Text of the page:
Wednesday, June 4, 2008

The rockets red glare

With the local area being as dry as tinder this only makes sense.

I would change the charge from a misdemeanor to a felony if a brushfire and/or structures are burned because you are stupid and decide to set off banned fireworks despite the ban.

Bexar bans 2 types of aerial fireworks
By Josh Baugh: Express-News

Gunpowder-fueled patriotism just might get snuffed out this Independence Day.

Bexar County commissioners unanimously approved a ban of two types of aerial fireworks — skyrockets with sticks and missiles with fins — and the county might try to widen the ban to include the other 95 percent of fireworks that typically are sold for the Fourth of July and New Year's.

Because fireworks are prohibited inside the city limits except for officially sanctioned displays, such a ban could limit revelers to several designated “safe zones” scattered around the county.
Michael Girdley of Alamo Fireworks said he was not surprised by the limited ban commissioners approved Tuesday.
“It happens every time it gets dry,” he said.

Bexar County and points south and west are classified as in severe drought, meaning soil moisture is so low that crop or pasture losses are likely, according to the U.S. Drought Monitor. Water shortages in streams and reservoirs also are occurring.

San Antonio International Airport has recorded just 6.57 inches of rain since Sept. 1 — 26.8 percent of normal.

Because of the dry conditions, Independence Day revelers could find themselves pining even for smoke bombs, sparklers and firecrackers. At the commissioners' request, the district attorney's office has agreed to investigate the county's ability to ban fireworks altogether, said First Assistant District Attorney Cliff Herberg.

Using a state law relating to homeland security and protection of the public, Bexar County could issue a disaster declaration that would prohibit the use of all combustible fireworks. The declaration is good for only 60 hours, but could be extended by Gov. Rick Perry.

Ed Schweninger, chief of the district attorney's civil section, told the Commissioners Court he would contact the governor's office to gauge its support for a disaster declaration.

Precinct 3 Commissioner Lyle Larson, the Republican nominee for Congressional District 23, has pushed for the use of the amended Texas Disaster Act to ban all fireworks almost everywhere in the county, but he's not ready to prohibit them altogether.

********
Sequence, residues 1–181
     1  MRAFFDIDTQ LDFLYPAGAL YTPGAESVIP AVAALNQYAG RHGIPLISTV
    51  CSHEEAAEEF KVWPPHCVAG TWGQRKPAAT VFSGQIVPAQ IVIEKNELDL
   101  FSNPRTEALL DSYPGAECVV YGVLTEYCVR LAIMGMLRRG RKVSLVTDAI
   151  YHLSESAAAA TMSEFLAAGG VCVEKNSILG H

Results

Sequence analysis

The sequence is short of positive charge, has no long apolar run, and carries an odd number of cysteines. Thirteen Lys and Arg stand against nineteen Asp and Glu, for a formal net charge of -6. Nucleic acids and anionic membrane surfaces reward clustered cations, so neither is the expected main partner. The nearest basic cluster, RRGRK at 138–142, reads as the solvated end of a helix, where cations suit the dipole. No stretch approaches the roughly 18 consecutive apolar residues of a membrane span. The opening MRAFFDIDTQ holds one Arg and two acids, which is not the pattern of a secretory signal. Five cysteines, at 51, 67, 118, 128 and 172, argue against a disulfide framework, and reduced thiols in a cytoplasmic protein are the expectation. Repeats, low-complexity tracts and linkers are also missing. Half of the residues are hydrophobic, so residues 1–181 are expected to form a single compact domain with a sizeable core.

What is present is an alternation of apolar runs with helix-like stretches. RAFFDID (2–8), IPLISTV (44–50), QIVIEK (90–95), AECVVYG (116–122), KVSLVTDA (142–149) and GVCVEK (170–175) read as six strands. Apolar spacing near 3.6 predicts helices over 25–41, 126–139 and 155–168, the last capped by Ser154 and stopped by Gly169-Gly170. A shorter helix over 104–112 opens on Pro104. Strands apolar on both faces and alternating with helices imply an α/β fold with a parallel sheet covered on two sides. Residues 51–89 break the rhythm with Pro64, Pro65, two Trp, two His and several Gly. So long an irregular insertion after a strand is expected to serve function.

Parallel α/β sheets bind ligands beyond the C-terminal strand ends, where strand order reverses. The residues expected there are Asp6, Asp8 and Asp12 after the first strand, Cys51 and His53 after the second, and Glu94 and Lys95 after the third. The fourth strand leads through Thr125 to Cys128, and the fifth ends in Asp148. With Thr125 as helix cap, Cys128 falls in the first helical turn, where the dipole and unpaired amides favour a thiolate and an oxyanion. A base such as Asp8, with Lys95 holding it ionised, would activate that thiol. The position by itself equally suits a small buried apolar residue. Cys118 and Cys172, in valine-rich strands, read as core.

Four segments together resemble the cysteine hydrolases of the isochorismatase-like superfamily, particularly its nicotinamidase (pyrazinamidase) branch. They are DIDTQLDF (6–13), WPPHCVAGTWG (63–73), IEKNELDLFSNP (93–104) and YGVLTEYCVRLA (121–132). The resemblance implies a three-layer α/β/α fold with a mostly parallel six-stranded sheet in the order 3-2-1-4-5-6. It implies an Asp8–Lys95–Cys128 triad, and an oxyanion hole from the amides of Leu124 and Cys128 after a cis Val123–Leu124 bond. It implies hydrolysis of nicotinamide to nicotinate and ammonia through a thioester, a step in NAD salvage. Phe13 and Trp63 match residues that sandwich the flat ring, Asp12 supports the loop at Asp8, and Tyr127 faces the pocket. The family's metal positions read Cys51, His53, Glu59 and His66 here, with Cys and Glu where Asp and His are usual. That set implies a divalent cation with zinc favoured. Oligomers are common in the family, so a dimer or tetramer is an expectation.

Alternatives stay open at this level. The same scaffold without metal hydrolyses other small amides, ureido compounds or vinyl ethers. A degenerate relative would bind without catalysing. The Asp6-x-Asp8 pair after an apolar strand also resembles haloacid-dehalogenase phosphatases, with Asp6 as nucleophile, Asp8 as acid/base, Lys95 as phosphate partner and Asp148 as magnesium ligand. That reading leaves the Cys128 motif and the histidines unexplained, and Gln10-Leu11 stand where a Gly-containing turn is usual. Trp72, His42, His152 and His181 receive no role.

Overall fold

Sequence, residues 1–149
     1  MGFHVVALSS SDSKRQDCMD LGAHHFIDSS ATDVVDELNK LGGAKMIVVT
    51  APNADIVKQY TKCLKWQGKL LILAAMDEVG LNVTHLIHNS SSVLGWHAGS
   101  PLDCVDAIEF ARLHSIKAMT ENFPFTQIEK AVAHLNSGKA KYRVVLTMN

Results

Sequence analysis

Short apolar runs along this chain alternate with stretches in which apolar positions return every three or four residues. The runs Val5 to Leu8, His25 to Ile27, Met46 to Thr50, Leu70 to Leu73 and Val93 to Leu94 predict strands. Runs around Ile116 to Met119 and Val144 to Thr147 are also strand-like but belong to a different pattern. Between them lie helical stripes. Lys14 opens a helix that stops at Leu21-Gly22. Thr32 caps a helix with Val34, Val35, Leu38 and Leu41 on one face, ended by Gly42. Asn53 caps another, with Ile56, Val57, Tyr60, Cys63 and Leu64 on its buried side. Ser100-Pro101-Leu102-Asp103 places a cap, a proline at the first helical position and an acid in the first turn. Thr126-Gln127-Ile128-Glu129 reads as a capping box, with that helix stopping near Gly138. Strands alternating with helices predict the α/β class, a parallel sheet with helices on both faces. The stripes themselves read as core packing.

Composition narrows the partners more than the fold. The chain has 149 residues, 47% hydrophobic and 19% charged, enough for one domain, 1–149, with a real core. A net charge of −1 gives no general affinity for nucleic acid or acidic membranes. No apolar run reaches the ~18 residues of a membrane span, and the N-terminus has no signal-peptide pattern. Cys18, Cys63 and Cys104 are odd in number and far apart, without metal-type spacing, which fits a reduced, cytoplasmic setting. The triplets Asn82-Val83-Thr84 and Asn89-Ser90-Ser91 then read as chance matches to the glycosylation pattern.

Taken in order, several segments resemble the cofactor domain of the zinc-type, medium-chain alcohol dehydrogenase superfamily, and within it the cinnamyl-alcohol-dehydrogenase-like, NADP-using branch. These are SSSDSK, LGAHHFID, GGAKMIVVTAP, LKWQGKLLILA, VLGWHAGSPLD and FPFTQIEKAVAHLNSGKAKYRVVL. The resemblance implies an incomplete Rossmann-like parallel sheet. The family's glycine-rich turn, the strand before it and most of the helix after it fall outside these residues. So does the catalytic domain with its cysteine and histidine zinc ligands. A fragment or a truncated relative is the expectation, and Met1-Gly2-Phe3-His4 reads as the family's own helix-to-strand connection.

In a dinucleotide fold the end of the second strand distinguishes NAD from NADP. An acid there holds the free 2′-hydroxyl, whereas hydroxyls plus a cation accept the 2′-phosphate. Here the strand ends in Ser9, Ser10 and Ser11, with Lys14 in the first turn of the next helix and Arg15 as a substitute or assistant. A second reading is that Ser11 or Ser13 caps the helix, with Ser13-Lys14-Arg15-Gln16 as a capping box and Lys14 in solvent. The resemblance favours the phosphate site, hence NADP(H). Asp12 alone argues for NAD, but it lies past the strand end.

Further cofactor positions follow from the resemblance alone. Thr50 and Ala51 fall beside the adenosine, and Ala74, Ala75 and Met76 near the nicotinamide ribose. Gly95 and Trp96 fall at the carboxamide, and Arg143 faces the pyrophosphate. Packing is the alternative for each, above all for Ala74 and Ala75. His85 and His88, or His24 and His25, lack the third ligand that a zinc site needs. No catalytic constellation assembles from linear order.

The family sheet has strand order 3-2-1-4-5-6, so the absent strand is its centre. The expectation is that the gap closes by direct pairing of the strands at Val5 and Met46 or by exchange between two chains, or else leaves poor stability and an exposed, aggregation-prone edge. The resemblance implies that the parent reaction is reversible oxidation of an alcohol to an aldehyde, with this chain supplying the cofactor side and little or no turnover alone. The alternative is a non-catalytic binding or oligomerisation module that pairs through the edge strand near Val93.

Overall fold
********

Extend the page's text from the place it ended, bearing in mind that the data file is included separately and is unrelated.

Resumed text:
“The intention is to drive them into safe zones,” Larson said. “We'd have volunteer fire departments deployed around those safe zones in case something happens.”

Three fireworks retailers — Mr. ‘W,' Big Tex and Alamo Fireworks — are working with the fire marshal on a public awareness campaign for fireworks safety and will provide at least six “shooter's sites” around the county. Larson said he wants to double the number of safe zones and through a disaster declaration limit fireworks only to those locations.

He hasn't ruled out a complete prohibition on fireworks “if we don't get the cooperation” from fireworks retailers.

Alamo Fireworks' Girdley said the companies are working with the Commissioners Court and already are searching for more potential safe zones.
“I think (the commissioners) have the intent to balance public safety with people enjoying their holidays, and we totally agree with that,” he said.

On New Year's Eve and New Year's Day this year, Bexar County registered 199 grass fires — including a brush fire that charred hundreds of acres near a China Grove safe zone. Firefighters had been stationed there but were called away to battle other blazes that cropped up throughout the county.

Larson said he wanted to dodge a repeat of that.

The county fire marshal's office will be patrolling around the holiday.

Violation of the ban on aerial fireworks is a misdemeanor.